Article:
The blushing bride wore a beautiful white ballgown silhouette dress, shimmering tiara and… hiking boots.
ot the usual footwear for the big day, admittedly.
But then, not every bride-to-be is going to be trekking around the rugged north Antrim coast like Chelsea Collins was on her wedding day.
And it is not every newly-married couple either that end up dining at a drive-thru McDonald’s, rather than at a lavish reception in a plush hotel.
But last month, 32-year-old Chelsea, a doctor, pulled on a pair of brown boots (£59 from Marks and Spencer) to tie the knot with Maghera native Seamus Collins, an English teacher and playwright.
With pandemic restrictions still in place, the Lisburn-based pair decided to ‘elope’ to Dunseverick Castle for a private ceremony involving just the two of them – and have no regrets about the highly unusual nuptials.
“We got married on my parents’ 34th wedding anniversary, which must be a good omen,” said Chelsea, whose maiden name is Wee and who is originally from Singapore.
Her new husband added: “We both love the north coast, and Dunseverick turned out to be the perfect location.
“It was just us, two photographers and our celebrant. We said our vows on a little mound, right beside the castle, then did all the legal stuff in a field near Dunluce, having obtained permission from the farmer.”
But by the time the couple had finished the ceremony and posed for photoshoots at three different locations – Dunseverick, Dunluce and Whiterocks Beach – it was nearly 10pm.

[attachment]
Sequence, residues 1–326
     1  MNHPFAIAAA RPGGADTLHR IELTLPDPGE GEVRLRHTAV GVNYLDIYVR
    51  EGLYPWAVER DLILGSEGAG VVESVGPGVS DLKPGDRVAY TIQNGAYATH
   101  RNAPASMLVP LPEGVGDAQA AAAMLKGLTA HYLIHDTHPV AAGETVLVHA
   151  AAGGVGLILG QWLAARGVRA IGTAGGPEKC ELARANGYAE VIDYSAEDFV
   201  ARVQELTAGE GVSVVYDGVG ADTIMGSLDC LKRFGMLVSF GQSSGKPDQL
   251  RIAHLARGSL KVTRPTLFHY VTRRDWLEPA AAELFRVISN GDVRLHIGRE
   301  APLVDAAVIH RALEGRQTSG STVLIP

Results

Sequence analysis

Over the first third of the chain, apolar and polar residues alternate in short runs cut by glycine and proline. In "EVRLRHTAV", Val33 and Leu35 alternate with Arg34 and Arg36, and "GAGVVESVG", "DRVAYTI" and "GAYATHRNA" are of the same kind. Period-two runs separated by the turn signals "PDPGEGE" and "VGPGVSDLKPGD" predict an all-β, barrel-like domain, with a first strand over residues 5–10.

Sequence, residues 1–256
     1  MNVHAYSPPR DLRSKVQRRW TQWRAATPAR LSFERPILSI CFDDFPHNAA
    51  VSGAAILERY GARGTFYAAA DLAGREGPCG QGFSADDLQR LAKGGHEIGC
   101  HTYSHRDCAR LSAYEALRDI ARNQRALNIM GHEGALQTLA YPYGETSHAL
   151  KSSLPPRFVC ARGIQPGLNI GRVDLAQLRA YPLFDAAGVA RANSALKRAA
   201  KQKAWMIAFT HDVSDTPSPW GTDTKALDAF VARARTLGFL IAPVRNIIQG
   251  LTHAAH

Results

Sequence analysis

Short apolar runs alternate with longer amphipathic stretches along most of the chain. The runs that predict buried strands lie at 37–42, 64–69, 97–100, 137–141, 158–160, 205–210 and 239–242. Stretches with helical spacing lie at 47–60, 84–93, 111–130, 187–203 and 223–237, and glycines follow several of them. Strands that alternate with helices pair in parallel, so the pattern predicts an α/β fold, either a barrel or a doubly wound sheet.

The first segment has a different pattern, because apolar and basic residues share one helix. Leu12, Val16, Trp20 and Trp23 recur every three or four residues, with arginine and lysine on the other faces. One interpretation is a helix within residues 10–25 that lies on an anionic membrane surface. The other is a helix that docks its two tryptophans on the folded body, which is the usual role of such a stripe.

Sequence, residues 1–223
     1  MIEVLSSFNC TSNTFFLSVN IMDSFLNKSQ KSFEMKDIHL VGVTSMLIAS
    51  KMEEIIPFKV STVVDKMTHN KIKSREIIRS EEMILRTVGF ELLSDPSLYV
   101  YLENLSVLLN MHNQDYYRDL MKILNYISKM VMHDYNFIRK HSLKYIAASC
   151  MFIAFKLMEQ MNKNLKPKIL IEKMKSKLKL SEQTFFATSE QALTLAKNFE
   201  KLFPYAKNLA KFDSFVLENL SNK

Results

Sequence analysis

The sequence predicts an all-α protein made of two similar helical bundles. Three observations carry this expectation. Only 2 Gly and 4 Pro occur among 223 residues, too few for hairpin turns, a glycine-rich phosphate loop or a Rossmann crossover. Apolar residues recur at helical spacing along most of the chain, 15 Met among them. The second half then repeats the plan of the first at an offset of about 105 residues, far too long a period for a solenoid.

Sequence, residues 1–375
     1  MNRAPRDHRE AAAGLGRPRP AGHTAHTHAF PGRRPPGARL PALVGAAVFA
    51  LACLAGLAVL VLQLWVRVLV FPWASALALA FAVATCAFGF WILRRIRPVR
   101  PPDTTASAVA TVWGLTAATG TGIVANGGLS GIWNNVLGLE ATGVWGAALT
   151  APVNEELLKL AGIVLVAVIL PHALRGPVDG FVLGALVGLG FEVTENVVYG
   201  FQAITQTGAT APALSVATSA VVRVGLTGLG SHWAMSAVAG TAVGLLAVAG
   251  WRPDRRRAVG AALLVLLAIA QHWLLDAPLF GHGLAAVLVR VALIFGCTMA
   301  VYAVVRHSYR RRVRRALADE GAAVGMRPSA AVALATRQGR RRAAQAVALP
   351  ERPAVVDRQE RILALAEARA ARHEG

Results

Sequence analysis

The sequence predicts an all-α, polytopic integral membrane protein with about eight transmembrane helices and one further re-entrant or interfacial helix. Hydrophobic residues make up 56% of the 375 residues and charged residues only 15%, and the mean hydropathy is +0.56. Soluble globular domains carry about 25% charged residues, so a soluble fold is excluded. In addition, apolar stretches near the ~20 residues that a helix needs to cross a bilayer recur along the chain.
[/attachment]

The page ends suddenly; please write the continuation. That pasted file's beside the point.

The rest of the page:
“There was nowhere open – not even a chippie – so we drove to Coleraine, where there was a McDonald’s drive thru,” said Seamus.
“I think they were too busy to notice that the couple munching burgers in the car were in wedding clothes.”
It was late by the time the newly-weds returned to their base – an old converted barn in Armoy village near Ballycastle.
Seamus (32) revealed that although his family were sad at missing out on the wedding, they were more than happy for the pair of them.
“When my mother gave us her blessing, the one thing she made us promise was to get good photographs,” he said.
“Of course they would have preferred a traditional wedding but they were just happy that we were able to get married, despite the pandemic.”
Chelsea, a Belfast Trust medic now working mostly in the Mater and Royal Victoria hospitals, left Singapore when she was 18 and subsequently lived in Thailand, Malaysia and the US before reaching these shores three years ago.
Mum Lina (60), who works in education, dad Jimmy (65), a teacher, and sister Cherylin (30), a stenographer, still live in the Southeast Asian city-state.
Seamus is the eldest of three children to James, a retired teacher in his late sixties, and childminder Caroline (60). He has a sister Mairin, who’s also an English teacher, and two brothers Niall (31), a software developer, and maths teacher Fearghal (28).
Although they got the better of Covid courtesy of having their wedding during the pandemic, they both contracted the virus last year. when Chelsea was working at Down Hospital in Downpatrick.
“I got it in March or April; we had our first Covid positive patient, I’d been looking after him, so I was the first to fall,” said Chelsea.
Meanwhile, Seamus succumbed just in time for Christmas.
The couple have been together for 19 months, having met on the popular dating site Bumble.
They got engaged a year later – after a rocky start to the romance.
“He was very late for our first date, but I was very gracious about it,” recalled Chelsea, with Seamus sticking to his story that he had been “stuck behind two tractors”.
If she could forgive that, he could hardly have any complaints about a bride in hiking boots.